• Wedding: October 2014 - Church

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ZebraPrintMe:  No, not rude, but I think some of the statements are a little on the odd side (why do you need to anounce these things?). Just keep things short and sweet – thank you for coming, we hope that you enjoy the food. Please join the married couple on the dance floor as they enjoy their first dance together. Etc.

Post # 25
Member
1403 posts
Bumble bee
  • Wedding: September 2014

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ZebraPrintMe:  We are not doing any of those things either, so I hope our guests aren’t offended, but “announcing” that you’re not doing something seems odd to me. 

  • This reply was modified 6 years, 2 months ago by  HannahGrace.
Post # 26
Member
13025 posts
Honey Beekeeper

I agree that  your Dad should not say anything about not doing  “boring speeches.”  It is unnecessary and even somewhat insensitive to criticize something that many other people appreciate and value at their own wedding or those of others. I think he can say a quick thank you, but leave off the subtle hint that he’s more considerate than others.  

Other than that, nothing rude about any of it. Your main obligation as a host the day of is to get around to greet everyone in attendance, either by way of an old fashioned receiving line, or going around to tables. If it’s mealtime, you are expected to provide a meal, otherwise, refreshments. Guests should have chairs and not be made to wait for long periods of time with nothing to do. Otherwise, traditions are just traditions. Incidentally, I’ve only rarely attended  weddings that featured a ” head table.”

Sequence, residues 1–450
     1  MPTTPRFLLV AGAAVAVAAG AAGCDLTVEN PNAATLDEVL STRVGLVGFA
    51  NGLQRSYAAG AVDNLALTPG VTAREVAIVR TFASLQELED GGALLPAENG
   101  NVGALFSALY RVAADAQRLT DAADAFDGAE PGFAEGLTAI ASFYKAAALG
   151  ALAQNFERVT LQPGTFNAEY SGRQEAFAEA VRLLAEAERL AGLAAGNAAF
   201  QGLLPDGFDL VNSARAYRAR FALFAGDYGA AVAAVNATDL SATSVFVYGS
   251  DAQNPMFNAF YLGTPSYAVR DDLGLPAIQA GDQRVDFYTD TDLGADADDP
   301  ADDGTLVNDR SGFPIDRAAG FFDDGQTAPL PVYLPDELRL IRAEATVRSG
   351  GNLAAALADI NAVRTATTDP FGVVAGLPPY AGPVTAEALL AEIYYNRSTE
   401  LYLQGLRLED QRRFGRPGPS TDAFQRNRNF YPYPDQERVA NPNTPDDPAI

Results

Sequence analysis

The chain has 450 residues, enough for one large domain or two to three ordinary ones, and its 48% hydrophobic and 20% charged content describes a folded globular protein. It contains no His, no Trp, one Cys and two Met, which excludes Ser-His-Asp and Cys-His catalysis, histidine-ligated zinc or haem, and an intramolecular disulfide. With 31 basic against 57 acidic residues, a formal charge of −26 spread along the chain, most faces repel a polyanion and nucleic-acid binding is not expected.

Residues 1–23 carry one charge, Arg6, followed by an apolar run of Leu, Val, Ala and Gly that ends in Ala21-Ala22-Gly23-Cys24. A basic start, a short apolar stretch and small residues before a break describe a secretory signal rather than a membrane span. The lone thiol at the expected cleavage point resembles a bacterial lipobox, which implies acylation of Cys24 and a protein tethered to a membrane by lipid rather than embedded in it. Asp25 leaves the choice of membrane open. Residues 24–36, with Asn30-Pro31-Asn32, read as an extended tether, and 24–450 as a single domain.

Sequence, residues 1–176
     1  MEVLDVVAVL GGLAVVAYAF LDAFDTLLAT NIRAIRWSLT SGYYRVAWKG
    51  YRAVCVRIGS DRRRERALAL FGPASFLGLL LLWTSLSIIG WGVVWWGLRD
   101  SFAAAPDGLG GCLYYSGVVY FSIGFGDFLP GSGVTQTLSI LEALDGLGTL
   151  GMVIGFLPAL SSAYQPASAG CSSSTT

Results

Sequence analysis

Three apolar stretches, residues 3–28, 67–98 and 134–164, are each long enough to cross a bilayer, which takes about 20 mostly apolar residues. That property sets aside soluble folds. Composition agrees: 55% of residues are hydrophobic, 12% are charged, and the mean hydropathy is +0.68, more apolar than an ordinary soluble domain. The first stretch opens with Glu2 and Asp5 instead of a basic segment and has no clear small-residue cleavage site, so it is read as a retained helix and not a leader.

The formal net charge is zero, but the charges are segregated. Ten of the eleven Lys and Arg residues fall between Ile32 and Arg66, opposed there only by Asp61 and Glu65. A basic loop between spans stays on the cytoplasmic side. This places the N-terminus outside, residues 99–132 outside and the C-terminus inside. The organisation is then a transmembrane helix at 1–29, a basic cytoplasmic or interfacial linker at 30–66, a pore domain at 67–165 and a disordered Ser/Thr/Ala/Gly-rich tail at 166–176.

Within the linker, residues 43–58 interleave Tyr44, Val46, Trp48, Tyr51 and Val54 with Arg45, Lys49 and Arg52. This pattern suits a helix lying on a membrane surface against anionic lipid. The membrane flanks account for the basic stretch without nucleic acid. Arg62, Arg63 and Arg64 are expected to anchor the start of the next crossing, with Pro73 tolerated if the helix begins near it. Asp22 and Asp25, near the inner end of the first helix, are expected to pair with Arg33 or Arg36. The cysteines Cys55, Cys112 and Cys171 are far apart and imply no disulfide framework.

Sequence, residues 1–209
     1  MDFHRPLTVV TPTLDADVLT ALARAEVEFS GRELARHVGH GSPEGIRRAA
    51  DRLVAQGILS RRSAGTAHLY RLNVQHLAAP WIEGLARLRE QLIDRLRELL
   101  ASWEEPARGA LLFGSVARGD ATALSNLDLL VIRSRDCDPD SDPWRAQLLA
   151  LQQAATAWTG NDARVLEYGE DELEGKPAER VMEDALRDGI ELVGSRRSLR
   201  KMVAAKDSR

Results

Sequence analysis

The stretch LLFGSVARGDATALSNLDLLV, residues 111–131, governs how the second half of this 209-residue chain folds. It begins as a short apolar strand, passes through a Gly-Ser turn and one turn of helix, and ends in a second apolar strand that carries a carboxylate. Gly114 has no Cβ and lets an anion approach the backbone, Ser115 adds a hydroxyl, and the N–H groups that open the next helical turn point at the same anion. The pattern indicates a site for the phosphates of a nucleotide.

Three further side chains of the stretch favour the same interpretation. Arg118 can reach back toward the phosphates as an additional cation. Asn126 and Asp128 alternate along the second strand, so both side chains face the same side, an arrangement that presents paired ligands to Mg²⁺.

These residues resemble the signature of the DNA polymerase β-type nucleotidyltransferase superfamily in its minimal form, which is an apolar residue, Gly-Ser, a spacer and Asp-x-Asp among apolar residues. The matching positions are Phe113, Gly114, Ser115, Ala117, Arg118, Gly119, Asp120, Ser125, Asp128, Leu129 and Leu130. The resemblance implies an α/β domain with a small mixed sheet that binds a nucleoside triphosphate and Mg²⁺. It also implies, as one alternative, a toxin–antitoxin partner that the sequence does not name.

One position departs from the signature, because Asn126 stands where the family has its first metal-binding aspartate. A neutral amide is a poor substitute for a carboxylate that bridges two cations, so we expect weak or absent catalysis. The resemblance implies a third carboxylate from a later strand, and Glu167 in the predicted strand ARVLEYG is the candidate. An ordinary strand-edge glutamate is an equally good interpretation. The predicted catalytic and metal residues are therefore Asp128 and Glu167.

Post # 27
Member
4655 posts
Honey bee
  • Wedding: August 2013

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ZebraPrintMe:  We had a first dance, but none of that other stuff. No introduction (we just walked in, dang, we’re married, not the king and queen of England) and no speeches or tosses or head table. No one minded, everyone had a great time. 

Post # 28
Member
7977 posts
Bumble Beekeeper
  • Wedding: July 2013 - UK

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ZebraPrintMe:  I’ve always seen some form of speeches, but beyond that it’s a free for all.

I thought the introduction thing was odd and awkward, especially seeing as we were at the reception before anyone else. We mingled with the guests on the lawn before lunch was served… it would have been odd to introduce us.

I actually asked our vendors to skip that bit.

Post # 30
Member
1998 posts
Buzzing bee
  • Wedding: October 2015

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ZebraPrintMe:  Definitely not rude! Refreshing I think is the right word! ๐Ÿ™‚ <br /><br />Frankly, I love your ideas, and even if your father invited everyone to get drunk, I’d be the first person there to laugh and down one because I’d think it was such a good joke! ๐Ÿ™‚ Of course you know your guests best and if a joke like that is a appropriate, go for it. But maybe something like “I’m not going to bore you all with a long speech, let us just raise our glasses and drink to the happiness of the newlyweds” would be safer ๐Ÿ™‚